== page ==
Former Secretary of State Colin Powell rejected assertions that he had inspired Hillary Clinton’s use of private email during her tenure at the State Department Saturday, suggesting that “her people have been trying to pin it on me” to deflect criticism about her handling of government correspondence.
At an party in East Hampton, New York on Saturday, Powell said Clinton was “using [the private email server] for a year before I sent her a memo telling her what I did,” according to a report in People.
Powell, according to a conversation reported by Joe Conason in his upcoming book “Man of the World: The Further Endeavors of Bill Clinton,” advised Hillary Clinton “to use her own email, as he had done, except for classified communications, which he had sent and received via a State Department computer.”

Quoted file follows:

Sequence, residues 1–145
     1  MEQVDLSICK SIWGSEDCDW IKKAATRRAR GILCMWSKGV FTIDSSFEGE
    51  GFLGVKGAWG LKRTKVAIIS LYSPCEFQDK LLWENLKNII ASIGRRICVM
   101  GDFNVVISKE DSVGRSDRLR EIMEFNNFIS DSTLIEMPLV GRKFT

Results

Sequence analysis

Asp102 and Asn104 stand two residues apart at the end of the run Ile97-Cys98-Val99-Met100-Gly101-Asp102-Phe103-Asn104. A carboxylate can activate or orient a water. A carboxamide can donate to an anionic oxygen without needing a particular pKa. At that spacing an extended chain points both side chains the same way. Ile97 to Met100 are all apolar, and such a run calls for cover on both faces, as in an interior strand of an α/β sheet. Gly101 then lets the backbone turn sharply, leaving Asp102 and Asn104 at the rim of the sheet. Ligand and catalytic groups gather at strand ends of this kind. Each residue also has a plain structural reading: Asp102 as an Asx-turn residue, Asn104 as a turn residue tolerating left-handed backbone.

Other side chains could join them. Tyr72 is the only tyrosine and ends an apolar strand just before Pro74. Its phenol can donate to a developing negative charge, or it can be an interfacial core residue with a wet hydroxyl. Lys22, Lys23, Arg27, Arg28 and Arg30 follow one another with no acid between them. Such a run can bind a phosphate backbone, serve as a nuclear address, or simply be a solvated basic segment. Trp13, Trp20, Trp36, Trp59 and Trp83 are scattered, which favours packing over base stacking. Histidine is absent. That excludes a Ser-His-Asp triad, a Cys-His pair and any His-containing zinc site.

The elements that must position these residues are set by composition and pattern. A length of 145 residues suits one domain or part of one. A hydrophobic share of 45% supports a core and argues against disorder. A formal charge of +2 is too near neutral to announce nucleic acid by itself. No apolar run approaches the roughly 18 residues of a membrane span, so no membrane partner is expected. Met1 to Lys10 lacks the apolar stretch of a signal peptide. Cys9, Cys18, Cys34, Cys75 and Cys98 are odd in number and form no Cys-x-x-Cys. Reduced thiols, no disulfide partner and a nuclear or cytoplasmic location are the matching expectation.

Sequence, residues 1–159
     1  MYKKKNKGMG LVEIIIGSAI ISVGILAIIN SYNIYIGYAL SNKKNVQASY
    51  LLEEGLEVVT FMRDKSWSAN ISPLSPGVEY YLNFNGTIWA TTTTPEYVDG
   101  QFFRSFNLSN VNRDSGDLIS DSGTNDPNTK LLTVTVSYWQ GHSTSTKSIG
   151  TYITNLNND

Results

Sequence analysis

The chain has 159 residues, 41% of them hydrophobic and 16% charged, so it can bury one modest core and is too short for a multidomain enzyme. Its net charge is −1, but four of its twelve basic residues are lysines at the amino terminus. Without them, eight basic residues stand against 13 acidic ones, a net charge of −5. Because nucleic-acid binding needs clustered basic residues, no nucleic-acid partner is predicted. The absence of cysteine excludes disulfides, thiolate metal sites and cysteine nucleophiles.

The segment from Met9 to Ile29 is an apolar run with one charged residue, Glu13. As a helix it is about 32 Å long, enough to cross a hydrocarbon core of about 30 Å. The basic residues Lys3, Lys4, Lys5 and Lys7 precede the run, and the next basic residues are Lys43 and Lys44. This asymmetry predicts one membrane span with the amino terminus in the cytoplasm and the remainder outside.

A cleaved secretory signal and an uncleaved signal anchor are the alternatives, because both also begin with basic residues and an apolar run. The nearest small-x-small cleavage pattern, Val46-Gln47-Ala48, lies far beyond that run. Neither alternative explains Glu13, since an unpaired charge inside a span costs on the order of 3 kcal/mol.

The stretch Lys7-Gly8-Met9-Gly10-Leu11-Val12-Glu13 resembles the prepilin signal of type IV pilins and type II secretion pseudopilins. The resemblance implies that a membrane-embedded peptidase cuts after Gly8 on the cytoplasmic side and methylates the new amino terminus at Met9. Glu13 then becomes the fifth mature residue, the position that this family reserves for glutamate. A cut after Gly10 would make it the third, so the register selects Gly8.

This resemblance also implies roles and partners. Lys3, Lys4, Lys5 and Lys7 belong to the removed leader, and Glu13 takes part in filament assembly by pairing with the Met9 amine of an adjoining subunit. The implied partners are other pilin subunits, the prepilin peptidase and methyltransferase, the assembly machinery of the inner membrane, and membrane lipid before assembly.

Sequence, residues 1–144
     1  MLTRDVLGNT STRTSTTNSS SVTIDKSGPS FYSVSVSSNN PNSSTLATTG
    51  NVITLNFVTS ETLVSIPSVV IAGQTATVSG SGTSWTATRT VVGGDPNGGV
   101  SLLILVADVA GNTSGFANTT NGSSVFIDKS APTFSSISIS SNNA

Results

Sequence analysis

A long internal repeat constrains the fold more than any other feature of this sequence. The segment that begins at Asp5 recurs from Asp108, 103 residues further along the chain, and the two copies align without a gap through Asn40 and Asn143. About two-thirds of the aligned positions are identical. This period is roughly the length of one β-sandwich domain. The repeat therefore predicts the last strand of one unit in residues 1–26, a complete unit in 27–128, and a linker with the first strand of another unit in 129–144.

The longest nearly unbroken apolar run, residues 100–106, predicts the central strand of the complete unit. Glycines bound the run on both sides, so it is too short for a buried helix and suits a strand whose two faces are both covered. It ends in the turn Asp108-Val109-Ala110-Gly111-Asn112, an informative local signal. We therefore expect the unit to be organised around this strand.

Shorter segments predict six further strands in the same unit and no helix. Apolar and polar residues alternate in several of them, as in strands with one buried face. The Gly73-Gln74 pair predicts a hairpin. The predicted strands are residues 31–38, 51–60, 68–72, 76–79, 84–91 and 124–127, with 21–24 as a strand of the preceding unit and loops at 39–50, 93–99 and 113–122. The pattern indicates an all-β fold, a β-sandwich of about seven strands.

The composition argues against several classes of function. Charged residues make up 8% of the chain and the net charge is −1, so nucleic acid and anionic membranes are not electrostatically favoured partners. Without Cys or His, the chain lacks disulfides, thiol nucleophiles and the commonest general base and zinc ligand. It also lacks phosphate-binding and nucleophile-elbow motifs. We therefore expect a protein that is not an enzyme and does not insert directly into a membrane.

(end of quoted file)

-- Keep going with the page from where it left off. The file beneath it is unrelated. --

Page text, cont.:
Clinton had at that point already set up a private email, and according to Conason took Powell’s advice as confirmation of her choice to “keep her personal account and use it for most messages.”
The New York Times quoted the book in a Thursday report that Clinton had pointed to Powell’s private email use when questioned by the FBI, and said that he had advised her to do so as well.
FBI director James Comey eventually declined to bring charges against Clinton in his investigation of her email server use earlier this year. Comey still harshly criticized Clinton’s decision to keep communications on her private email, calling it “extremely careless” given the presence of classified information.
When asked why Clinton might have cited him in defending her email use, Powell said to People, “Why do you think?”
"It doesn't bother me,” he added. “But it's okay. I'm free.”